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Anthony E. (Willy) Williams-Jones

Anthony E. (Willy) Williams-Jones received his early education in South Africa, completing his BSc in 1967 at the University of Natal, and his MSc two years later at the same university. In 1969, he and his wife, Colleen, left South Africa, and Willy enrolled in a PhD program in metamorphic petrology at McGill University under the supervision of Dugald Carmichael. A year later, he moved with Dugald to Queen’s University and, en route to completing his PhD in 1973, learned from him the power of thermochemical analysis and the importance of the caveat, ‘the field is the final arbiter’. After a four-year career in mineral exploration, which took him to southern Africa and Brazil, Willy obtained an academic position in economic geology at McGill University, where he takes great pleasure in teaching at all levels and in using geochemistry to address scientific questions related mainly, but by no means exclusively, to the genesis of hydrothermal mineral deposits. He is a former chair of his department, a fellow of the Royal Society of Canada, and is currently an associate editor for Geofluids and Economic Geology.

I am very pleased to nominate Anthony E. Williams-Jones for the Mineralogical Association of Canada’s Past-Presidents Medal. As my colleague at McGill University over the last two and a half decades, I am well placed to single Willy out for this prestigious award, which recognizes career accomplishments in the areas of the Earth sciences covered by The Canadian Mineralogist. Willy is an ore deposits specialist who has consistently applied geochemistry to understand the complex interplay of processes leading to an ore deposit of hydrothermal type. He comes to the field from a background in contact metamorphism and skarn development. He has now branched out into experimental documentation of element mobility, such that he is among the few people who has an excellent command of important processes from field, theoretical, and experimental bases.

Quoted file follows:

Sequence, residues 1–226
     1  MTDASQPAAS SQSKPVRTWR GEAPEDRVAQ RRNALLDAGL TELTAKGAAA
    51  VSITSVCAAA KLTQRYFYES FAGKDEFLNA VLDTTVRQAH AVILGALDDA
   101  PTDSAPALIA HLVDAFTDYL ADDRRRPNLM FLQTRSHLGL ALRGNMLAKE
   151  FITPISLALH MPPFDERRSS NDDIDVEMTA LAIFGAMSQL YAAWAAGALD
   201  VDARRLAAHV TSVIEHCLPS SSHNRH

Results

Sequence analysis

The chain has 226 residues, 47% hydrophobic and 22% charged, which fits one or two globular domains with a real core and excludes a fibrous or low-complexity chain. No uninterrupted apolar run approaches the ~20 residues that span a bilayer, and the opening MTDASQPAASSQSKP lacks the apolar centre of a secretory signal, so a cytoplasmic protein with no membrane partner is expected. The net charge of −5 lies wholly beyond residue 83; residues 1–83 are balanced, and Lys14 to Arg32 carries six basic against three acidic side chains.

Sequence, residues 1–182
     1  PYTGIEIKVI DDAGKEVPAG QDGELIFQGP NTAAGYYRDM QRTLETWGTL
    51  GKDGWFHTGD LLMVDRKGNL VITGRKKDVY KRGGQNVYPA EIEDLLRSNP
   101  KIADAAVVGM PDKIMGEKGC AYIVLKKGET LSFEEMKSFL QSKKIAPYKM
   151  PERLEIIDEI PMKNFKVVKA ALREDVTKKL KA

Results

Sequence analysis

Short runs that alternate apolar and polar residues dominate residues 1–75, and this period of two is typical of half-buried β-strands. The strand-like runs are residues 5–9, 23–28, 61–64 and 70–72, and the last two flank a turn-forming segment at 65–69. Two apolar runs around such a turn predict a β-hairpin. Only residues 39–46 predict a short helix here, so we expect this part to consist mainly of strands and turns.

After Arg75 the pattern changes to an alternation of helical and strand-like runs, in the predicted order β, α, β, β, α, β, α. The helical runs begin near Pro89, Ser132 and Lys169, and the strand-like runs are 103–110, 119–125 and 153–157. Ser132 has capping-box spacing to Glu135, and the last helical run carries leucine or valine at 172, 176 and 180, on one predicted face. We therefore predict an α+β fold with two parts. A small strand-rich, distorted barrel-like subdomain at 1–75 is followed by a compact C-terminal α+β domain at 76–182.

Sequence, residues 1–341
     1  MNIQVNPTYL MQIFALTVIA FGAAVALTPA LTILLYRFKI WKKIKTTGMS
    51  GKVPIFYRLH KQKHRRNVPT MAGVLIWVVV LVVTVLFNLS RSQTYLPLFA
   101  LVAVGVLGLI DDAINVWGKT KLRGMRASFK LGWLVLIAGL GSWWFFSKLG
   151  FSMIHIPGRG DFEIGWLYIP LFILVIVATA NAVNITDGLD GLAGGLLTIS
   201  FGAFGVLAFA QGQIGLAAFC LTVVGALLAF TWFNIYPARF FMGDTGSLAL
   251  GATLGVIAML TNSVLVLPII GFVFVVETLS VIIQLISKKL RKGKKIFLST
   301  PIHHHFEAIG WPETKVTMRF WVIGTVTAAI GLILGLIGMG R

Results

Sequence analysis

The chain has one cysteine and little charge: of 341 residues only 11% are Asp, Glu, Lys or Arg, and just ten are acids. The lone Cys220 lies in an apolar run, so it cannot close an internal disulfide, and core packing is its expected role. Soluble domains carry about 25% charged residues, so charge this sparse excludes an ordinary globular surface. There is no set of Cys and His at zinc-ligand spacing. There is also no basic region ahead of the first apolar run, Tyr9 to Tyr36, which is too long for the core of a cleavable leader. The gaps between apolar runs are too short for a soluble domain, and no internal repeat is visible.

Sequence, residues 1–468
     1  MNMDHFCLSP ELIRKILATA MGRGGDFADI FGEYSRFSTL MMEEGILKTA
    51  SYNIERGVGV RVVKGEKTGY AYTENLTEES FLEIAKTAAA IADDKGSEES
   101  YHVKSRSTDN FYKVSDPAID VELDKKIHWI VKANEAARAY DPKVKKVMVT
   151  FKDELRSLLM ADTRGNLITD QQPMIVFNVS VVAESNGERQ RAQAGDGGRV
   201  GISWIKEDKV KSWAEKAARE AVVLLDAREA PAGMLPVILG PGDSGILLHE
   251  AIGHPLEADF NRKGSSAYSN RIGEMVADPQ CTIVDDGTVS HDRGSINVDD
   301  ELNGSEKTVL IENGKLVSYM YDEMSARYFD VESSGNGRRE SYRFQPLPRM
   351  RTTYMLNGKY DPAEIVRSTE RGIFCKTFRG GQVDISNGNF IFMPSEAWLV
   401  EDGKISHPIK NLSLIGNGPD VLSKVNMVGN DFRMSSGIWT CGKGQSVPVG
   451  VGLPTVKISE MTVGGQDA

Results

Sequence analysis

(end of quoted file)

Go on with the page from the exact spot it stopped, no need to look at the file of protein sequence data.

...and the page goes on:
His laboratory at McGill carries out experimental studies of mineral and solution (i.e. metal complex) equilibria at high temperatures and pressures with direct relevance to ore transport and deposition in the Earth?s crust. His interests in volcanic gas chemistry catalyzed his experimental studies of volatile metal complex equilibria, which are extremely important to our understanding of element partitioning during high temperature fluid volatile phase separation in ore depositing systems. Willy is highly motivated, as well as being an extremely creative and innovative researcher. He is perhaps the foremost ore deposits geologist in the world today. One of the amazing things about the work that Willy has carried out over his career, and which continues today, is the scope and breadth of his research into the genesis of mineral deposits. I think there are few economic geologists who can match Willy’s efforts in this regard. The breadth is not only in the array of types of mineral deposits that he and his group have tackled but in the methodologies applied to them and the approaches taken. His studies of mineralizing systems have included sediment-hosted base metal mineralization, uranium, porphyry Cu-Mo, granitoid-related W-Sn-Mo, pegmatite and hydrothermal rare-element mineralization, epithermal precious metals, asbestos, fluorite, Archean gold, and modern geothermal systems.